By Michele Rosenthal (auth.)
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Additional info for American Protestants and TV in the 1950s: Responses to a New Medium
19 While the legal separation of church and state was considered necessary for the health of both, the church was thought to play an important, if not indispensable, civic function. As the NCC president Henry Knox Sherill declared: There cannot be a nation under God without there being first churches under God with all that implies in intellectual and spiritual strength and discipline. There can be no artificial division between the sacred and the secular. . 20 The National Council agenda thus was rhetorically defined in terms of the promotion and preservation of America’s semiestablished religion, a religion that was unsurprisingly largely indistinguishable from what Gramsci might have called the “spontaneous philosophy” of mainline Protestantism.
13 While there was some reason to worry that the faith of Protestant America was being challenged by Roman Catholicism and secularism, overall the mood was one of triumphalism, tempered only by the fear of imminent cultural change. 14 In the fifth article, “Protestantism and Commercialized Entertainment,” Morrison argued that along with a “secularized educational system and the widespread acceptance of the messianic pretensions of science” (subjects of earlier articles), overexposure to commercialized entertainment was making the “culture .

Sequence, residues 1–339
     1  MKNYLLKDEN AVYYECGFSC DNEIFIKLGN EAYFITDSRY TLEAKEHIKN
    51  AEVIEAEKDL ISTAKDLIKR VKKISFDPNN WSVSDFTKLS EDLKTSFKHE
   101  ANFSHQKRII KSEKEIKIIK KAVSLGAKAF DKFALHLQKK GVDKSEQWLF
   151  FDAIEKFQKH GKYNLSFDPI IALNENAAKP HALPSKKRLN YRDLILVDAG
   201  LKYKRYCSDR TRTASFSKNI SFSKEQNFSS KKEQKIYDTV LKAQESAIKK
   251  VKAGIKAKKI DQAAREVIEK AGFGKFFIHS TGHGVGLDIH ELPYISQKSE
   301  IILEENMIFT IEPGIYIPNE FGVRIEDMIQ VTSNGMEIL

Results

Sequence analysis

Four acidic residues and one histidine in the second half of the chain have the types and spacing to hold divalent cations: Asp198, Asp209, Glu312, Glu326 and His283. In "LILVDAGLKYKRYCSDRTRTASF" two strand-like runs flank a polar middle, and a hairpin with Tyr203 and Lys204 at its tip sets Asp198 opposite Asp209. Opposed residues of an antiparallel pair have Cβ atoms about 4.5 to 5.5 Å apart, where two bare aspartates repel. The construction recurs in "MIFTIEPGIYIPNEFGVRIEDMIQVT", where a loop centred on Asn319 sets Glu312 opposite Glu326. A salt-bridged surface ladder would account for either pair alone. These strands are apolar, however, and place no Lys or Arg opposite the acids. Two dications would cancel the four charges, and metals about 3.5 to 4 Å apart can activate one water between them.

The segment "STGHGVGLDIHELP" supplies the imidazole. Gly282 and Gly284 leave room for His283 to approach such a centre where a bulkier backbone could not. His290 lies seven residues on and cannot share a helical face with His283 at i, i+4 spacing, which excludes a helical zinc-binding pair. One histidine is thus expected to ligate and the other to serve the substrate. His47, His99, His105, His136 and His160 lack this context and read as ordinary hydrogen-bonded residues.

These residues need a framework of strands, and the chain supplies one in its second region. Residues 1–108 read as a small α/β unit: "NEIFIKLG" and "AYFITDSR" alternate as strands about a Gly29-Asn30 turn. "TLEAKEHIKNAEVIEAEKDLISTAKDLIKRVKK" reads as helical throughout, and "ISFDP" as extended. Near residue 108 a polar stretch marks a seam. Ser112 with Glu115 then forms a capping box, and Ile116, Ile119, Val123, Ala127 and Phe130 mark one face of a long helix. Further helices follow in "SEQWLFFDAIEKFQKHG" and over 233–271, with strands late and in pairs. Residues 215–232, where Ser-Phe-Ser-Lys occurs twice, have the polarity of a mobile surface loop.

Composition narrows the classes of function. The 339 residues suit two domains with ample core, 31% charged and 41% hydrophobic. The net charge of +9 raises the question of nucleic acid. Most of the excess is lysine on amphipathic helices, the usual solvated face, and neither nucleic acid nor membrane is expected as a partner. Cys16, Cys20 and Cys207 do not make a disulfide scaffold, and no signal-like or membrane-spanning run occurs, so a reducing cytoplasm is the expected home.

While the FCC decisions eliminated the networks’ motivation for donating time to the so-called mainline religious groups, these changes in regulations do not explain why mainline broadcasters would not seek alternative funding opportunities or alternative avenues for producing media. While mainline Protestants were willing and able to raise large sums of money for other purposes, they declined to buy airtime and largely forfeited their future participation in the growing media culture. To examine this change in policy and practice, this chapter focuses upon the creation of the Broadcast and Film Commission (BFC) of the 38 American Protestants and TV in the 1950s National Council of Churches (NCC) and the role of its parent organization the National Council of Churches of Christ in the larger society.
American Protestants and TV in the 1950s: Responses to a New Medium by Michele Rosenthal (auth.)